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Fisher Model's 1/32 scale conversion
Hawker Hunter T.7

by Mark Lynch

Hawker Hunter T.7

S u m m a r y

Catalogue Number:

 3216 – Hunter T.7 conversion set.


 1/32 scale.

Contents and Media:

 Many parts in resin including the windscreen and canopy in clear resin, 1 photo etch fret, one piece of acetate film containing instrument details, one decal sheet and landing gear cast in white metal.


 USD $75 USD plus postage from Fisher Model & Pattern

Review Type:

 Build review.


 Beautifully cast resin set; only small casting blocks to be removed prior to use.


 The words ‘resin conversion’ unfortunately may keep some away.


 Highly Recommended.


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In the Box

Once again one of my favorite aftermarket companies, Fisher Model & Pattern, has produced a conversion for an aircraft I’ve wanted to build for a while.  This time resin guru Paul Fisher has skillfully crafted a collection of parts that will allow the modeler to convert one of the lovely, in its own right, Revell 1/32 Hawker Hunters.



I was fortunate enough to receive one of the early test shots of this conversion a little while back. The set arrived in a small rigid cardboard box protecting the contents during shipping. Upon opening the box, the modeler is met with the contents including, but not limited to;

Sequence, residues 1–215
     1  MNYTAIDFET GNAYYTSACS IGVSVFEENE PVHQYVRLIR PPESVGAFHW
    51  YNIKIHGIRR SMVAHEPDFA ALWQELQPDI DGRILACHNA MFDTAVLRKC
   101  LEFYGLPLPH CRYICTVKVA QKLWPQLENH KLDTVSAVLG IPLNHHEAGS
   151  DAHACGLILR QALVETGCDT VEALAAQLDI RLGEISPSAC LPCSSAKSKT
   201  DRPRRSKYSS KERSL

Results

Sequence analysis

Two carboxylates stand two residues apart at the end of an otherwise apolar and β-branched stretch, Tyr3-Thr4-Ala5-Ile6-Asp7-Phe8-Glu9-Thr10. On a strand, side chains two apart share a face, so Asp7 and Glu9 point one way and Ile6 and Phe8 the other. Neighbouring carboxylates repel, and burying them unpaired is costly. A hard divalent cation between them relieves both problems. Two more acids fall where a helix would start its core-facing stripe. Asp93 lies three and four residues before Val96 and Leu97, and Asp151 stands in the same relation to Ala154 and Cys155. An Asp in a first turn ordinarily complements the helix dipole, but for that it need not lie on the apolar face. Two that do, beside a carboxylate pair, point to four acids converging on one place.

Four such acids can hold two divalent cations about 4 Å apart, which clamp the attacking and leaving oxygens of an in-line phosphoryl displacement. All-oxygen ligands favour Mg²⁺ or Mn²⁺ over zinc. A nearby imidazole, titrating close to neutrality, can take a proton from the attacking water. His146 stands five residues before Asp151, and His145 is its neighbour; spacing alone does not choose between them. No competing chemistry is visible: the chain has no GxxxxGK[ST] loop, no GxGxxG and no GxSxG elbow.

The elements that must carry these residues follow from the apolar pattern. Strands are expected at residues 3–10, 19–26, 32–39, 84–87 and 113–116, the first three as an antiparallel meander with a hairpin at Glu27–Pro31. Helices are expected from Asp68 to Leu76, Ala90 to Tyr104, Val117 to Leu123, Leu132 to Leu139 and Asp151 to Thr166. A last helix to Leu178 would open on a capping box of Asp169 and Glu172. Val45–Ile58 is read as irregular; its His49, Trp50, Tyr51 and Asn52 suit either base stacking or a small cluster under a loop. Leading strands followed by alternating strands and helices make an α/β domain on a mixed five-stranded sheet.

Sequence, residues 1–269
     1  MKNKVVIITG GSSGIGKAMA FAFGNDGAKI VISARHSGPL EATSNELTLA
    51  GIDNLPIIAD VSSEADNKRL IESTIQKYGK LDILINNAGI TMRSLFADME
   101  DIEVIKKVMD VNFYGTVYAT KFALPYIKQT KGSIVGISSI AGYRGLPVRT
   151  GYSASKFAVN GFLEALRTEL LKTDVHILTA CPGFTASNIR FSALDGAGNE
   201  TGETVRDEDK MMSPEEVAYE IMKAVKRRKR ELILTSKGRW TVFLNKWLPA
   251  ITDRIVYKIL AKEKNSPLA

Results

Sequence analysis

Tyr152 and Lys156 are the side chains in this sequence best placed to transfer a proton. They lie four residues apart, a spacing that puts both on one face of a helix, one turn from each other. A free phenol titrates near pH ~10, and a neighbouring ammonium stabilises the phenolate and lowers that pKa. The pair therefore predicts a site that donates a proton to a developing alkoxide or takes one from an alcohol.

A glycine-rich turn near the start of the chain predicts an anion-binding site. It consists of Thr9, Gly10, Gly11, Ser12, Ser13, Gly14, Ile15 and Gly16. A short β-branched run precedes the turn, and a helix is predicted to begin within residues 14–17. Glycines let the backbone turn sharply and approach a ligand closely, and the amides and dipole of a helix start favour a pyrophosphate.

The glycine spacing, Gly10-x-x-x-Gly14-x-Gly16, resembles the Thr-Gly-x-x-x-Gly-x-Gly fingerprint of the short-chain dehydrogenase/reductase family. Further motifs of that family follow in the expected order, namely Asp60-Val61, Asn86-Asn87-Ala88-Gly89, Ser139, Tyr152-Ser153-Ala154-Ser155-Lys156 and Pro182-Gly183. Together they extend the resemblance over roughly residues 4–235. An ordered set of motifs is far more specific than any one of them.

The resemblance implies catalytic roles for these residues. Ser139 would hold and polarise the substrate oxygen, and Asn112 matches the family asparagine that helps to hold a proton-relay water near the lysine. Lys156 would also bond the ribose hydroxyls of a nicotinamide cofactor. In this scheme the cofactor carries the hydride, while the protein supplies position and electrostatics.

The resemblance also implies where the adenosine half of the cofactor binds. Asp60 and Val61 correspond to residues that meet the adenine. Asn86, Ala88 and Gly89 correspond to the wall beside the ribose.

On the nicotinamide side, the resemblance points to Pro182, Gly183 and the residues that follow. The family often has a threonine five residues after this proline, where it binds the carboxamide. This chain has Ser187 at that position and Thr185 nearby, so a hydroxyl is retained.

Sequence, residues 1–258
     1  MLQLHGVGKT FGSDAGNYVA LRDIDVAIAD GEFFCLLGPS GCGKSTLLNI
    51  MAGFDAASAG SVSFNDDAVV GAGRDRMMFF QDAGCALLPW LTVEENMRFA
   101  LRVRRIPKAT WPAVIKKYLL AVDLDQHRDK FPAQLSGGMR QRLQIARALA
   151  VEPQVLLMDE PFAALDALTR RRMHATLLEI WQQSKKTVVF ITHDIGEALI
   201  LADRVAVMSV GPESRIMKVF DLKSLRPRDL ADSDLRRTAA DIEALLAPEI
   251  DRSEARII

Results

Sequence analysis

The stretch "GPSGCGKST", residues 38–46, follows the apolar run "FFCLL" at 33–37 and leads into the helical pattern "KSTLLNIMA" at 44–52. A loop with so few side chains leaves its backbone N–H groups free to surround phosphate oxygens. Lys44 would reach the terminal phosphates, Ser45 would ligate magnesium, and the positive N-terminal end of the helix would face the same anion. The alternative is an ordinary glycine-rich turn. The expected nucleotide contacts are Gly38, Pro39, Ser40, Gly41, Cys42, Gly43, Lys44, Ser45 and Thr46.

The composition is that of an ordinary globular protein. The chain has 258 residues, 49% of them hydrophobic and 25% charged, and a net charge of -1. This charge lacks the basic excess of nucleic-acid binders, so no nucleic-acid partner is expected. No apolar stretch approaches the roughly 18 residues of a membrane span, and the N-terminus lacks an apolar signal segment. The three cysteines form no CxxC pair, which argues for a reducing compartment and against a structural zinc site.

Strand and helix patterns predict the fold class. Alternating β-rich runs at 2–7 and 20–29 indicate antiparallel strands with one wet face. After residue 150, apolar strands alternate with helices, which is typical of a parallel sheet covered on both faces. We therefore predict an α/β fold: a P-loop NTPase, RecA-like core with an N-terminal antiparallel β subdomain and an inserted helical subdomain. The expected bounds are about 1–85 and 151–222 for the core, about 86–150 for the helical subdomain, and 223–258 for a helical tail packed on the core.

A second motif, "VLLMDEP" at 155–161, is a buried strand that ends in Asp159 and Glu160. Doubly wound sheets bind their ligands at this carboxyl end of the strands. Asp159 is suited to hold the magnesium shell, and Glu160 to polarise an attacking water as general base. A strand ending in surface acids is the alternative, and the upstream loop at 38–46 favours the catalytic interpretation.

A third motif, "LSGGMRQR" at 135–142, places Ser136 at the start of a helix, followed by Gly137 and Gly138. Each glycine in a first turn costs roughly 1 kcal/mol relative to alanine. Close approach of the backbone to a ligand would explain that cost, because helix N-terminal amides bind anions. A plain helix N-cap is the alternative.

• resin nose with instrument panel and nose landing gear bay cast in situ,

  • spine fairing with aft cockpit bulkhead details,

  • windscreen and canopy cast in crystal clear resin,

  • two MB Mk.4 ejection seats,

  • resin tail cone and fairing for the para-brake housing,

  • resin gun fairing,

  • a resin strut to allow the canopy to be posed in the open position,

  • resin cockpit details to include control columns, rudder pedals, oxygen hoses,

  • interior canopy details in resin and photo etch,

  • white metal landing gear more the main and nose mounts,

  • many more parts contained on the photo etch fret including throttles, rear view mirrors, canopy bows etc, &

  • one decal sheet containing three marking options.

  • A six page instruction sheet.

I wasted little time getting started with this one. I retrieved one of my Revell™ Hunters from the stash and started to review the instructions. While this was happening, the resin parts were taking a bath in some household bleach in preparation for the coming build.

At this point, I should mention a very important fact that I missed. Revell initially released the Hawker Hunter FGA.9 in the 1990’s. It is this version that I have used as the basis for this conversion. I should have used the later issued kit of the Hunter, the F.6. You might ask, what is the difference? Well, I was unaware, but I had some astute modelers point out a couple of small differences that are worthy of mention.